Home > Lynas wins full operating licence for its LAMP

Lynas wins full operating licence for its LAMP

Editorial
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Lynas has been issued with a full operating stage licence for its Lynas Advanced Materials Plant (LAMP).

The plant's development has been a controversial one for Malaysia, with ongoing protests since its construction and approvals began.

Malaysia's Atomic Energy Licencing Board granted Lynas approval for its processing plant in Kuantan in February 2012 .

However court battles and protests against the project continued to rage with Save Malaysia Stop Lynas worried the plant will emit radioactive pollution, threatening both human health and the environment.

In September 2012 Lynas Corporation beat analyst predictions and won a temporary operating licence for its processing plant in Malaysia. 

However, in October the Malaysian High Court extended the suspension of Lynas' temporary operating licence until early November.

Protests broke out in Malaysia and also took place outside the company’s head office in Sydney that month amid concerns from the Greens that radioactive waste from the plant would be shipped back to Australia.

In January 2013 the miner won a further injunction to stop processing at the plant.

At the time the company said that "there remains no injunction or stay preventing Lynas from continuing to carry out its operations at its Malaysian plant.”

The win came less than a month after the miner began ramping up processing at the LAMP

Protests continued, but reached a peak late last year when these confrontations became physical when a fight broke out between a Malaysian government official and activists.

It happened while Deputy Science Technology and Innovation Minister Datuk Abu Bakar Mohamad Diah was giving his assurances to the group that the rare earth processing plant was safe.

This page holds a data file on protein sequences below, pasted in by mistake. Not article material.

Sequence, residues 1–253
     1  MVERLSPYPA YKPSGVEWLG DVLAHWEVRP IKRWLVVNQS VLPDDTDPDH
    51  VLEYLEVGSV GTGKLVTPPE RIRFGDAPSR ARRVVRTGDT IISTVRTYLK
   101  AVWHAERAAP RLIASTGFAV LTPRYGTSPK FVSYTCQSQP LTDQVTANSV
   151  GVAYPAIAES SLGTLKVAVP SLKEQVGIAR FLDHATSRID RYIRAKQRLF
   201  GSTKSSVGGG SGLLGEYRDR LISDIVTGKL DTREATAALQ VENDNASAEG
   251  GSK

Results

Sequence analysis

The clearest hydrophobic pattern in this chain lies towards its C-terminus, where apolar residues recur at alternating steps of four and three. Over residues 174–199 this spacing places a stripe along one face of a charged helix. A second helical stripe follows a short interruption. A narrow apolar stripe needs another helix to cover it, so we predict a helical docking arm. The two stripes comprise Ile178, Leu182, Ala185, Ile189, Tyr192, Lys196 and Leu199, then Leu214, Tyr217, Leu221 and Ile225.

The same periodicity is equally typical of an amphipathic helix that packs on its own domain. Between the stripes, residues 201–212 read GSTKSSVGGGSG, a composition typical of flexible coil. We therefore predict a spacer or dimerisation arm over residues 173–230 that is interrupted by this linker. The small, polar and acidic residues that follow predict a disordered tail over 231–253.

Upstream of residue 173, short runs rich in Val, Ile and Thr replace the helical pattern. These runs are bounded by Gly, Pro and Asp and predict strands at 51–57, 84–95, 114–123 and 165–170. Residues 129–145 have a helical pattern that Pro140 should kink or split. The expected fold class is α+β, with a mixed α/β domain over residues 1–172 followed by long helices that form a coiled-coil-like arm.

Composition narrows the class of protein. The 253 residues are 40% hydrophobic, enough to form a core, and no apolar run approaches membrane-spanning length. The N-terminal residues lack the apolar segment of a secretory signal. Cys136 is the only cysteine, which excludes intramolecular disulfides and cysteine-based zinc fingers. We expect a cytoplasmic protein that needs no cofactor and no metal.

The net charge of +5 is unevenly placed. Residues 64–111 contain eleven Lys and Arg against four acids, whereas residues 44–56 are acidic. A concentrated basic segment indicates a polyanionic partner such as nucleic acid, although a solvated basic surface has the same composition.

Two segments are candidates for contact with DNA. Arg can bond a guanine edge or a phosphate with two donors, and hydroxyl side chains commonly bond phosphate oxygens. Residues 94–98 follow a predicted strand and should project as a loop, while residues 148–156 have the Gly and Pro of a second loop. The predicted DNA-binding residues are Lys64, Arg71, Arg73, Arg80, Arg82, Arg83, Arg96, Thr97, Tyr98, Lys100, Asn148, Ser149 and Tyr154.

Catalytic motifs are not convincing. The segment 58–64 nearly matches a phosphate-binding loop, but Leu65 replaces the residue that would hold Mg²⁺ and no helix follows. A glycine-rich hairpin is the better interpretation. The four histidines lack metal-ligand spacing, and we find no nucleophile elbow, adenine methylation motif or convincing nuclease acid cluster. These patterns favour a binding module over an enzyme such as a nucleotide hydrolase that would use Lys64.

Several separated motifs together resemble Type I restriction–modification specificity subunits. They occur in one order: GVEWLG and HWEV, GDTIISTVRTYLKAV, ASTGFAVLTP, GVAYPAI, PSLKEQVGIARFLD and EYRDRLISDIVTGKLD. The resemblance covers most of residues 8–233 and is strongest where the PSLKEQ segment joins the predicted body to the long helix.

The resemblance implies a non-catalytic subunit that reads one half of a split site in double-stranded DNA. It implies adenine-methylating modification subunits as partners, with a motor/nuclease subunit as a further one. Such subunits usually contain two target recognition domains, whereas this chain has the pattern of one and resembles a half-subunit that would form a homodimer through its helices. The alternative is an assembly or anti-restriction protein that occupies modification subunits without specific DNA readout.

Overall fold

"The Lynas factory is as safe as a kicap (soy sauce) factory,” he told the group of protestors.

"I can take you all for a site visit to see the facilities. Expenses will be fully sponsored by the ministry.”

His statement angered the group who questioned Diah on the plant's permanent disposal facility and environmental issues.

Shoving and pushing ensued between Diah and some members of the protest group.

Since that time the LAMP has continued to progress, boasting its production levels in the last quarter of 2013.

"Total 'ready for sale' production during the [December] quarter was 741 tonnes, on an REO equivalent basis, approximately thee times the production of 253 tonnes in the September quarter," the company said at the time.

Now the plant has passed another milestone, with the Malaysian Atomic Energy Licensing Board (AELB) granting a full operating licence.

It follows a review undertaken by the AELB and other regulatory bodies in the country, all of which found the plant in compliance with regulations.

"Receiving this licence is another significant milestone for Lynas, and validates the safe and secure operation of the LAMP during the two year tenure of the Temporary Operating Licence," Lynas chairman Nicholas Curtis said.

"Lynas looks forward to continuing the ramp-up of the LAMP production and sales, and to securing its future as a sustainable supply chain partner in this strategic global market."

The newly awarded licence is renewable in two years time.

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